(bel shaz' uhr) HEBREW: BELTESASSAR
"Bel protects the king"

Belshazzar was co-regent with Nabonidus, a Babylonian noble who in 556 B.C. overthrew Labashi-Marduk, the third ruler after Nebuchadnezzar, from the third year of his reign. Nabonidus never abdicated his throne, but for all practical purposes Belshazzar served as king. In the cuneiform documents Belshazzar is consistently called "the son of the king." Texts from the fifth to the thirteenth years of the reign of Nabonidus speak of offerings of silver, gold, and sacrificial animals which Belshazzar made to Babylonian temples. The chronicle of Nabonidus mentioned his son by name in prayer to the gods as follows:

"And as for me, Nabonidus, the king of Babylon, protect thou me from sinning against thy exalted godhead and grant thou me graciously a long life; and in the heart of Belshazzar, my firstborn son, the offspring of my loins, set the fear of thy exalted godhead, so that he may commit no sin and that he may be satisfied with the fullness of life."

Belshazzar did not make a strong ruler. He is best known for his impious feast, vividly described in the fifth chapter of the Book of Daniel, which was going on while the Persian armies were approaching Babylon. On that night Belshazzar "made a great feast for a thousand of his lords" and served them wine from the holy vessels "his father had taken out of the temple in Jerusalem" (Dan. 5:1-2). In answer to this sacrilege, a disembodied hand suddenly appeared writing mysterious words on the wall; only Daniel was able to interpret the sign. He castigated the king for misusing the holy vessels and revealed the words - "MENE, MENE, TEKEL, and PARSIN" (Dan. 5:25) - predicted Balshazzar's overthrow. Belshazzar was in Babylon when it fell to the armies of Cyrus. Although the city fell without a battle, Belshazzar himself was slain. "That very night," the text recounts, "Belshazzar the Chaldean king was slain," overthrown by Darius the Mede (Dan. 5:30).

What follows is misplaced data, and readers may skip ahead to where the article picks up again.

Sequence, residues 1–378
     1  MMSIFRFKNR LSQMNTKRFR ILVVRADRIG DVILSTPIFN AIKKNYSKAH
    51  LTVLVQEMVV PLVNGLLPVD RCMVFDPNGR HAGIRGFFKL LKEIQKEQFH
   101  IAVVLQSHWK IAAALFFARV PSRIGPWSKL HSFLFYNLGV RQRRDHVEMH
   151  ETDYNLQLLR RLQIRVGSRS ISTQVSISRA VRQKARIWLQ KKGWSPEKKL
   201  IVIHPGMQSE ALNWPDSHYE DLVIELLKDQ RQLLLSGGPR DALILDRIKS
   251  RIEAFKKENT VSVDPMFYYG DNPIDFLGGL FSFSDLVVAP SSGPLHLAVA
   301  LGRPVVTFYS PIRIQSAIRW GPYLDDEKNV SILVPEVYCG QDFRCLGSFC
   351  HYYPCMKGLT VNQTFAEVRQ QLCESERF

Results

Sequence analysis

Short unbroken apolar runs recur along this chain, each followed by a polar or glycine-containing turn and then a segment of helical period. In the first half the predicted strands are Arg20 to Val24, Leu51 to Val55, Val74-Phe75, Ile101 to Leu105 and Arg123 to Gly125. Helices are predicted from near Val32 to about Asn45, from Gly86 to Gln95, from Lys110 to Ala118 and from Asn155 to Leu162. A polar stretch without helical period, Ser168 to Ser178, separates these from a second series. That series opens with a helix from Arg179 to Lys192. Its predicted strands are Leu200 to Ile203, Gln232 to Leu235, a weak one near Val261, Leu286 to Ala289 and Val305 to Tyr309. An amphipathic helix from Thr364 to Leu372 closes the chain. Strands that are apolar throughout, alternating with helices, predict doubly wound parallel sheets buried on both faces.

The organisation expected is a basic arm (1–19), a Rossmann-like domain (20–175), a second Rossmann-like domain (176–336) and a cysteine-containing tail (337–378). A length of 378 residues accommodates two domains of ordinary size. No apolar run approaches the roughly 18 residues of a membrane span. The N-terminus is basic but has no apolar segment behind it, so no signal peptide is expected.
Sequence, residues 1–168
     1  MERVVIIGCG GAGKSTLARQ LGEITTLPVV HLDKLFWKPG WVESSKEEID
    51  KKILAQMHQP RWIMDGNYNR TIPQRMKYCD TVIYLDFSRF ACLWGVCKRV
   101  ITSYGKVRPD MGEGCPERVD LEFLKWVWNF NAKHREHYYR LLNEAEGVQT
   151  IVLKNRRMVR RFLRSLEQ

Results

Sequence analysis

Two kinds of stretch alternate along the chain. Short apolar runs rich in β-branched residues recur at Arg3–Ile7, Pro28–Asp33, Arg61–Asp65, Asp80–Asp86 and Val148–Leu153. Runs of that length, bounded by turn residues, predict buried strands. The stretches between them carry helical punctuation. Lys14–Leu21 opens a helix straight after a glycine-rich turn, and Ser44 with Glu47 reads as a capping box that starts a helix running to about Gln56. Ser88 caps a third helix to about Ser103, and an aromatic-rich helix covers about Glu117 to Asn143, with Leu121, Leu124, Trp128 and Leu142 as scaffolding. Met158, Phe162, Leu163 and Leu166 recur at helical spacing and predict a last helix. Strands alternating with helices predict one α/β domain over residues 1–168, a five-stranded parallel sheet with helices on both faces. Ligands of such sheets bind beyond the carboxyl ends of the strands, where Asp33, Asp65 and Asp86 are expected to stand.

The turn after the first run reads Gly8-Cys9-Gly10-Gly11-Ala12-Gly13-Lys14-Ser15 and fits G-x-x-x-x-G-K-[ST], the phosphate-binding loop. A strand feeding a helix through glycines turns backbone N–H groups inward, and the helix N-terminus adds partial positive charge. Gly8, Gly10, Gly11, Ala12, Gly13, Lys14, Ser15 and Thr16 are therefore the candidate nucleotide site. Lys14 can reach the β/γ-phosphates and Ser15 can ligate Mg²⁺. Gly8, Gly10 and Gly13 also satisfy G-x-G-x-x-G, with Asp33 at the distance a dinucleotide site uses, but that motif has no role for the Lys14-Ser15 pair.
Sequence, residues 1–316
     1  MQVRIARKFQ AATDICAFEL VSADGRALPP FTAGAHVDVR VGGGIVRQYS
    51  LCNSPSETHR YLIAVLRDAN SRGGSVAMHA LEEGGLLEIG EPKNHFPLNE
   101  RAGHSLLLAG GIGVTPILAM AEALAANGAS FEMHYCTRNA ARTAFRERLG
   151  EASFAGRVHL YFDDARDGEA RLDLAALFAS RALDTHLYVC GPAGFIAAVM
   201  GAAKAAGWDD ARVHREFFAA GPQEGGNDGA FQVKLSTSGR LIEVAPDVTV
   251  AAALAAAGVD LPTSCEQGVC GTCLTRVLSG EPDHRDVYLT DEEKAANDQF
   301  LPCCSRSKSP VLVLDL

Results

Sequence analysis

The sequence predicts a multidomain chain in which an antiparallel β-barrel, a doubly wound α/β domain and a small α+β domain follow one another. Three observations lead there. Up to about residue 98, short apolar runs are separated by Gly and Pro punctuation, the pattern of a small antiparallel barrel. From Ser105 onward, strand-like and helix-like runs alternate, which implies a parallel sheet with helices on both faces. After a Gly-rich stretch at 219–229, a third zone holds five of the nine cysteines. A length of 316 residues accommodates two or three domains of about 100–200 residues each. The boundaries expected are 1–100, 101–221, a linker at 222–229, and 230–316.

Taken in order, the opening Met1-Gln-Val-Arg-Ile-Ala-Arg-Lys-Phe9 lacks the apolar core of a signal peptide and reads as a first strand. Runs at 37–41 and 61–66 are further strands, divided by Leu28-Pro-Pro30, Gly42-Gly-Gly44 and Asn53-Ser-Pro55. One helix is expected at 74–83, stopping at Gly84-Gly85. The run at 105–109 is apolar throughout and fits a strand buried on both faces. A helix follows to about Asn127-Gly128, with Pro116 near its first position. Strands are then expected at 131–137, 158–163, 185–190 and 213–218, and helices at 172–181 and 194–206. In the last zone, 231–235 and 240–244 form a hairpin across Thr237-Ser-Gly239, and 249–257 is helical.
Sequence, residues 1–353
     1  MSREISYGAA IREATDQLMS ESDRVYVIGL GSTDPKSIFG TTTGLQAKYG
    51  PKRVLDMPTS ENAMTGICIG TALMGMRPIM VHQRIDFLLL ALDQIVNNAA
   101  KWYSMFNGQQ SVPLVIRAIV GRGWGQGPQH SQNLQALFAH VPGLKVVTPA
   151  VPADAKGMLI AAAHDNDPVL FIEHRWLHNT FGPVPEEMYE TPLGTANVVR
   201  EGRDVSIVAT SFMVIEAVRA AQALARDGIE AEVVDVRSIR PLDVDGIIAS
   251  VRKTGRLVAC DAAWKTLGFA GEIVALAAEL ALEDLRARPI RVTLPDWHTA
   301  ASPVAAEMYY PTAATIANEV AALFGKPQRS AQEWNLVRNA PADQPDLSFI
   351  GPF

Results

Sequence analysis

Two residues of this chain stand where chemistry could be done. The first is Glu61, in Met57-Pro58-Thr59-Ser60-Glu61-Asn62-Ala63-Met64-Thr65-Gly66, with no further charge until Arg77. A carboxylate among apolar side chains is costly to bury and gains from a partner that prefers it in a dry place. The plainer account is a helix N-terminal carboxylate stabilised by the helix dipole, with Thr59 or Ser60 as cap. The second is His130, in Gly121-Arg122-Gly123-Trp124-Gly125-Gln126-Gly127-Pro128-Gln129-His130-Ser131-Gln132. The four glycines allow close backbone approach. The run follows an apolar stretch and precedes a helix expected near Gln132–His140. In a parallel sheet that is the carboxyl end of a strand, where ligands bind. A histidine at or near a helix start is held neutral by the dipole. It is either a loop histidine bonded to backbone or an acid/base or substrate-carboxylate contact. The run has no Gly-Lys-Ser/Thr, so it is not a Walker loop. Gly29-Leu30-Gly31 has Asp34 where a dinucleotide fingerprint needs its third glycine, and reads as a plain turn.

In keeping with the co-regency, Daniel was made "the third ruler in the kingdom." Two of Daniel's visions are placed in the first and third years of Belshazzar's reign.

See also Daniel 8:1

{E2 Dictionary of Biblical People}

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